The crooked drill pipe or the like 30 is secured to the retaining plates 12 and 22 by threaded pull pins 32 and 34. As shown in Fig. 3, the pull pin 32 comprises a cylindrical body member 36 of a size to extend through an aperture 38 formed in the central portion of the retaining plate 12. The inner end 40 of the body 36 is counterbored and threaded at 50 to receive the male threaded end 52 of the drill pipe 30. A circumferential flange 54 extends outwardly from the central portion of the body 36 to abut the outer face 56 of the retaining plate 12 around the aperture 38. Suitable V-braces 58 are preferably secured to the body 36 outwardly of the flange 54 to prevent bending of the flange 54 outwardly over the outer end of the pin 32.
The pull pin 34 (see Fig. 4) is also provided with a 3 "cylindrical'body'portionfifl-of a size to extend through an aperture62 formed in'the central portion of the retaining plate 22. The apertures 62 and 38 are formed in alignment on an axis parallel with the cylinders 18 to assure a true straighteningof the drill pipe '30 as will be'hereinafter set forth. The inner end 64 of thebody=60 isare'duced in diameter-and-threacled to receive the female threaded end 66-of'the drillpipe 30. Ac'ircumferential flange 68 is'also provided around the central-portion of the pin 34 to 'abut the outer-face 70 of the retaining plate 22 around the aperture 62. SuitableV-braces 72 are-preferably secured to'the body 60 to prevent bendingof'the flange '68 when a pull is exerted on the inner end6'4 of the body 60.
*In constructing the machine '4, the retaining plates 12 and '22 are secured at'right angles tothe-axis of the cylinders 18, and, as previously-'noted,-the apertures 38 and 62 are formed in alignment. Furthermore,'the inner faces of the pull pin flanges '54 and 68, and the mating outer faces 56 and 70 of the'retaining plates 12 and 22 respectively, are preferably-rnachinedto provide a c'losefit and position the pull pins 32 and 34 in alignment.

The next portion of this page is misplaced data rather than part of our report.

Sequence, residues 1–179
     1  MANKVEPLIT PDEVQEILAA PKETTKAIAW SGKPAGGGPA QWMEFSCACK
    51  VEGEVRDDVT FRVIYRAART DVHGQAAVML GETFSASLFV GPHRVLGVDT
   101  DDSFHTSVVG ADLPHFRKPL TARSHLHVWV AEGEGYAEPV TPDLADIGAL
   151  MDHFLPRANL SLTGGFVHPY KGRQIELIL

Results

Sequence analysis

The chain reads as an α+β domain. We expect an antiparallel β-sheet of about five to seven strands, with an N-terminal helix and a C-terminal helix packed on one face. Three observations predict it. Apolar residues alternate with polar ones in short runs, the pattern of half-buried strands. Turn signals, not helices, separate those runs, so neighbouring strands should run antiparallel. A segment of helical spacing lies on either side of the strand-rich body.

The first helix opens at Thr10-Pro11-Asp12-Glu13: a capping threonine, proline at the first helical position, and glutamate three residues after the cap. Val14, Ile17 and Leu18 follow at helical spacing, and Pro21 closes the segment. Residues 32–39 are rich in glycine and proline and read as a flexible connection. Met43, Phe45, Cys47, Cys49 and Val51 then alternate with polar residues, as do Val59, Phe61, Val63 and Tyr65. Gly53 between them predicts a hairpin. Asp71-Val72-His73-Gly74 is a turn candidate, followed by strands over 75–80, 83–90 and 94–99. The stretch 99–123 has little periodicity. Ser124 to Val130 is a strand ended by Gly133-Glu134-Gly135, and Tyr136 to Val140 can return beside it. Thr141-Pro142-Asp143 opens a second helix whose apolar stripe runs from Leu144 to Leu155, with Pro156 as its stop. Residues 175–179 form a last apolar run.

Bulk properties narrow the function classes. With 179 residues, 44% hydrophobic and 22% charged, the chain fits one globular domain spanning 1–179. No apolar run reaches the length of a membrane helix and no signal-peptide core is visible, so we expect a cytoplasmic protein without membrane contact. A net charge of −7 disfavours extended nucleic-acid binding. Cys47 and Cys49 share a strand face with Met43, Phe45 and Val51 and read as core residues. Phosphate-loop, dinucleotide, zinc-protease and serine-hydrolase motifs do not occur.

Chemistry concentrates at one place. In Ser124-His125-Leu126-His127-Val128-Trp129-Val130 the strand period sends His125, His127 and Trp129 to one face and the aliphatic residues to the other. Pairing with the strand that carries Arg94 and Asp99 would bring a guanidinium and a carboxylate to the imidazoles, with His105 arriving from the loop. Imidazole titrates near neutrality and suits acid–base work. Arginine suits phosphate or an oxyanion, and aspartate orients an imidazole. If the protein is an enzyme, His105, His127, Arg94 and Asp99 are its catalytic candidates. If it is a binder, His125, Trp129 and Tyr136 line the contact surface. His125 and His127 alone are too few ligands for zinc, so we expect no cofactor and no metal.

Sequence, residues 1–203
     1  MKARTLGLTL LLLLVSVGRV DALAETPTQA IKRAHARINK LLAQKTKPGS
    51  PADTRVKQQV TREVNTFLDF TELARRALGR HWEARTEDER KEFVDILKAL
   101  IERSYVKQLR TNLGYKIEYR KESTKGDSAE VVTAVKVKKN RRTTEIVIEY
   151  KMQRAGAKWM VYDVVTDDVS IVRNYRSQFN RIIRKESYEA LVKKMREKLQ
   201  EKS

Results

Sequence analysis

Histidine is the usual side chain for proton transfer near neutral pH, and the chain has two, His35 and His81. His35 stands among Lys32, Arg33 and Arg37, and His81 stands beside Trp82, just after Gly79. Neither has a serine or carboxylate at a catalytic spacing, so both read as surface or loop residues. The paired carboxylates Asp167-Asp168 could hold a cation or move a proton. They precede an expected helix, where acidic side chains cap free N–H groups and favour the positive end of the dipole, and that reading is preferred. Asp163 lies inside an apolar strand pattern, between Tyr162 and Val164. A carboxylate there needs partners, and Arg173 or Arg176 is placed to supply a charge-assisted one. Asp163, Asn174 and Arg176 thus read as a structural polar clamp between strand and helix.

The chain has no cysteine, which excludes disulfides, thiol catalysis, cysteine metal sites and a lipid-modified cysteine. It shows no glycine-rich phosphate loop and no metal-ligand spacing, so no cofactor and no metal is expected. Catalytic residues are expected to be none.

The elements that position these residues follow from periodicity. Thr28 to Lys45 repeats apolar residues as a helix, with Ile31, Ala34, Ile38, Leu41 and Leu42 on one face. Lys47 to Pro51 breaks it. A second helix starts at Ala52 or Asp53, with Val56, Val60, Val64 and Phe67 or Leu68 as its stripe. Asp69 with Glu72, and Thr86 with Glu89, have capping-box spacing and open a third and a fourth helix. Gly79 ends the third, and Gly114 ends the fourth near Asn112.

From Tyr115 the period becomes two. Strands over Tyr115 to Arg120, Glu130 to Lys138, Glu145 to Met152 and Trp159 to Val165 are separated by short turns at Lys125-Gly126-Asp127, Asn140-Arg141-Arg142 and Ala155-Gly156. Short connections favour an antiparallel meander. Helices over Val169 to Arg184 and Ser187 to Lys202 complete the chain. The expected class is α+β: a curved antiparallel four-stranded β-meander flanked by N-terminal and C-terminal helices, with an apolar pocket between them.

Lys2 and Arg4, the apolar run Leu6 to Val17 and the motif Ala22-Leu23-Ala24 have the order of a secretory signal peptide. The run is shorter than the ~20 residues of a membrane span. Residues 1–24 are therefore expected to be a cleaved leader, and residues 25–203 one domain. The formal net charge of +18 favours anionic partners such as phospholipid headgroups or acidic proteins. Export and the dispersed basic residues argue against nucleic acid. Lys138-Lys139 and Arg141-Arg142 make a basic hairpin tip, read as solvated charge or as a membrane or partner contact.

Operation :In30peration oftthemachine 4, the crooked drill pipe 30 is placed between the support members 6 and 8, as illustrated in Fig. .1, and isthen secured to the pull pins 32 and34. The pull :pins 32 and.34 are threaded tightly on the respective ends of the drill pipe 30. The pumping unit '24 is then placed in operation to supply fluid into the cylinders 18 and expand :or expel the plunger rods 20 outwardlyfrom the cylinders 18 in a uniform manner. It will be observed that the pressure conduit v26 will supply an equal amount of:fiuid.to each of the cylinders 18 to move the piston rods 20-an equal distance and with an equal force.
As the plunger rods 20 and retaining plate 22 are moved .ina direction away from the retaining plate 12, the pull pin .flanges;54iand-68 will contact the retaining plates 12 and 22 respectively, and the drill pipe 30 will be placed under tension. The resulting tension will stress align the entire length of the .drill pipe 30. Simultaneously, the threaded engagementof the pull pins 32 and 34 with the opposite ends of the drill pipe 30 will test the shear strength of the drill pipe threads andalign the threads with the longitudinal axis of the drill pipe.